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Bigelow Aerospace Fast tracking Launch of Habitable Space Station Section

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posted on Aug, 15 2007 @ 11:24 AM

Following the successful launch and deployment of two inflatable space modules, on Monday the owner and founder of Bigelow Aerospace announced plans to move ahead with the launch of its first human habitable spacecraft, the Sundancer.

The decision to fast-track Sundancer was made in part to rising launch costs as well as the ability to test some systems on the ground, company CEO Robert Bigelow said in a press statement.

The Sundancer module will provide 180 cubic meters (590.5 cubic feet) of habitable space and will come fully equipped with life-support systems, attitude control and on-orbit maneuverability, as well as reboost and deorbit capability. This larger module – sporting a trio of windows – could support a three-person crew and be on orbit in the second half of 2010, Bigelow told Space News in March of this year.


This is very exciting, since it means we'll start seeing orbital hotels sooner rather than later.

Bigelow Aerospace has been very efficient in the last few years, not only were they
several years ahead of schedule last year, but now there going to skip one of the
prototype modules and launch the next generation one instead.

I expect that by the time NASA launches the Moon return trips, the first Bigelow
orbital Hotels will either be in orbit or near completion.

Comments, Opinions?

posted on Aug, 15 2007 @ 12:33 PM
Good news indeed for private space companies.

iori_komei, I was wondering how Bigelow was planning to get people to and from his space hotels. In another thread, I just entered a post regarding NASA's C.O.T.S. program (Commercial Orbital Transportation Services), with which NASA hopes to get private companies involved with launching Crews and Supplies to the Space Station by 2010. In my research, I read that Bigelow was also contracting with the same companies (namely 'Rocketplane Kistler' and 'SpaceX') as NASA to provide this service to his hotels. Have you heard anything more about this, or is he planning on using the Russians as his transport.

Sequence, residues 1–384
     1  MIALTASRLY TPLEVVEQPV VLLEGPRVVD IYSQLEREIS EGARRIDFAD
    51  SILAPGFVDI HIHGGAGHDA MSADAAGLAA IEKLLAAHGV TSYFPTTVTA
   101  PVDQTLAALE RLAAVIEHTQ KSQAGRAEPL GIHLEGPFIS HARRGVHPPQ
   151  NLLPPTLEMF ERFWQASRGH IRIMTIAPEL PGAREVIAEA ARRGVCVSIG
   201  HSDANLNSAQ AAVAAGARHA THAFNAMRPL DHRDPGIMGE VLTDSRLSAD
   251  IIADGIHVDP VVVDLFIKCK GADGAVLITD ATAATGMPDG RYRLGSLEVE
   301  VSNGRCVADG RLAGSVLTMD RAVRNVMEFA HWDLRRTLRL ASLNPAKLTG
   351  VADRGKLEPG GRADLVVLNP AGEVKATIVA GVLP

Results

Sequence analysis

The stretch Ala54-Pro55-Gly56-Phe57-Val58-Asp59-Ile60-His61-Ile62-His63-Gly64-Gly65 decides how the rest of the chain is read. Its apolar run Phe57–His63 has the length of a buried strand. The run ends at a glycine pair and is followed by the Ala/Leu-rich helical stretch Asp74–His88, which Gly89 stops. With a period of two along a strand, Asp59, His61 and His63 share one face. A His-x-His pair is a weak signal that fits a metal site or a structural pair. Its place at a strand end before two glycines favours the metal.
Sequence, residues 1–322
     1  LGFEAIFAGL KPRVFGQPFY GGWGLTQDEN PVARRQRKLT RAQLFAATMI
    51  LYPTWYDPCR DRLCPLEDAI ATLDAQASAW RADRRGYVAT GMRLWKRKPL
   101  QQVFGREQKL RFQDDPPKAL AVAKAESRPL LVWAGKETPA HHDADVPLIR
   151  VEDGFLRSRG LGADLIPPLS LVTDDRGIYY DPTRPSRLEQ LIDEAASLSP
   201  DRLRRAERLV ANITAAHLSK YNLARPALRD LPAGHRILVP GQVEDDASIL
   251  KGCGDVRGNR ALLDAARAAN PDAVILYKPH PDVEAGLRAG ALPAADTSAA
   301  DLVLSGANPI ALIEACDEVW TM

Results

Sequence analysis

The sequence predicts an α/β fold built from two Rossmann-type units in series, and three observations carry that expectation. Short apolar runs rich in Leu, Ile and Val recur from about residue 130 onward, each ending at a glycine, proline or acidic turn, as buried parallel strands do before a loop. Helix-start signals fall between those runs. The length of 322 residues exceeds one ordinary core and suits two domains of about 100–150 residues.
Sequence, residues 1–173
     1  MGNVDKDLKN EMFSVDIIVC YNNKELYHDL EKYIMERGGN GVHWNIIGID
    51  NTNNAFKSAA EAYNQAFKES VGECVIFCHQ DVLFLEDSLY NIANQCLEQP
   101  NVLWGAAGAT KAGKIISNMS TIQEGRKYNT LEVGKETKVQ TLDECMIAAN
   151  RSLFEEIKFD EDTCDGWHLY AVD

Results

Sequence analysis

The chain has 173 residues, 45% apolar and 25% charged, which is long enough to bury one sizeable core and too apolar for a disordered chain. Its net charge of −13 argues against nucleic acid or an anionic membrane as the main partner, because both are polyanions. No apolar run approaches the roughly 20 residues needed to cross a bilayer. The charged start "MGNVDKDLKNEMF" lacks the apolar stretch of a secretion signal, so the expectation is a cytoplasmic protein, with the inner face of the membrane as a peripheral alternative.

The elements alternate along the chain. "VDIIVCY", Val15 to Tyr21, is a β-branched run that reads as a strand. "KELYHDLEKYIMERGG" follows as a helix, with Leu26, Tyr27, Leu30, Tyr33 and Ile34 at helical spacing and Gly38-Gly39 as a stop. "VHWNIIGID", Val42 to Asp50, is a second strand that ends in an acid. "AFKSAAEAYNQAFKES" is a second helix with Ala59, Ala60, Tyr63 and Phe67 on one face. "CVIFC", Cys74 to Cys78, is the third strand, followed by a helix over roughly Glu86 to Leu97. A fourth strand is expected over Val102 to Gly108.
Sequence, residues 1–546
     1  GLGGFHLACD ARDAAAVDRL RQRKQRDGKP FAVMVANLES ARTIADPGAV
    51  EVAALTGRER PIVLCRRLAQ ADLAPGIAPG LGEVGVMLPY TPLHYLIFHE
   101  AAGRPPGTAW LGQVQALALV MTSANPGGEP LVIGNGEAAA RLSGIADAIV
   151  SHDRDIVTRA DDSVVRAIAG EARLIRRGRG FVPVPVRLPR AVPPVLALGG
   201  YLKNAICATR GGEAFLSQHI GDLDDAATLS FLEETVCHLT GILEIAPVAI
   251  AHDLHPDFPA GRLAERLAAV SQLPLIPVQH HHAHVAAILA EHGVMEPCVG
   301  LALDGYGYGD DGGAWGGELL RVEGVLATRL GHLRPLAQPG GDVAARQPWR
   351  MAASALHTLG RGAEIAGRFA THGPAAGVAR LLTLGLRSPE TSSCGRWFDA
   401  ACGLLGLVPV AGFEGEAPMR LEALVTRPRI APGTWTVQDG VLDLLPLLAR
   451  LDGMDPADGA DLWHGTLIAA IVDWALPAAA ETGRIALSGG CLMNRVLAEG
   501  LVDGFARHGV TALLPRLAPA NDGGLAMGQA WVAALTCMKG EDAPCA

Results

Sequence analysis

[edit on 8/15/2007 by Soylent Green Is People]

posted on Aug, 15 2007 @ 02:24 PM
I've not actually heard or read about how he actually plans to get people to the
places when they are constructed.

I think it's probably not something he or anyone in his company really thought
was something that needed to be figured out right away either, since it really is
progressing faster than anyone would have imagined.

I suspect that if no one is offering services at the time the first hotels open,
they may contract some Russian company or other Eastern European space launching nations.

posted on Aug, 15 2007 @ 03:40 PM
Actually, Bigelow has been in talks with Lockmart/ULA since at least last fall regarding an agreement to provide launch services to Bigelow stations. Bigelow seems to anticipate as many as 16 Atlas V launches each year - which, if it should pan out, would be great news for commercial spaceflight in general, Lockheed/ULA and Bigelow specifically, and anyone who wants to see a more affordable EELV market.

Actually, the Atlas seems to be pretty popular among nascent commercial spaceflight interests. SpaceDev is also working (at admittedly a conjectural level at this point) with Lockheed to launch their Dream Chaser vehicle on a Atlas V as well, probably a 431 variant. The Dream Chaser could then be used to transfer crew and cargo to one of Bigelow's stations or - perhaps - the ISS.

Of course, both of these concepts are contingent on man-rating the Atlas V, but the available literature seems to suggest that this is a relatively straightforward and - at least as these things go - affordable process.

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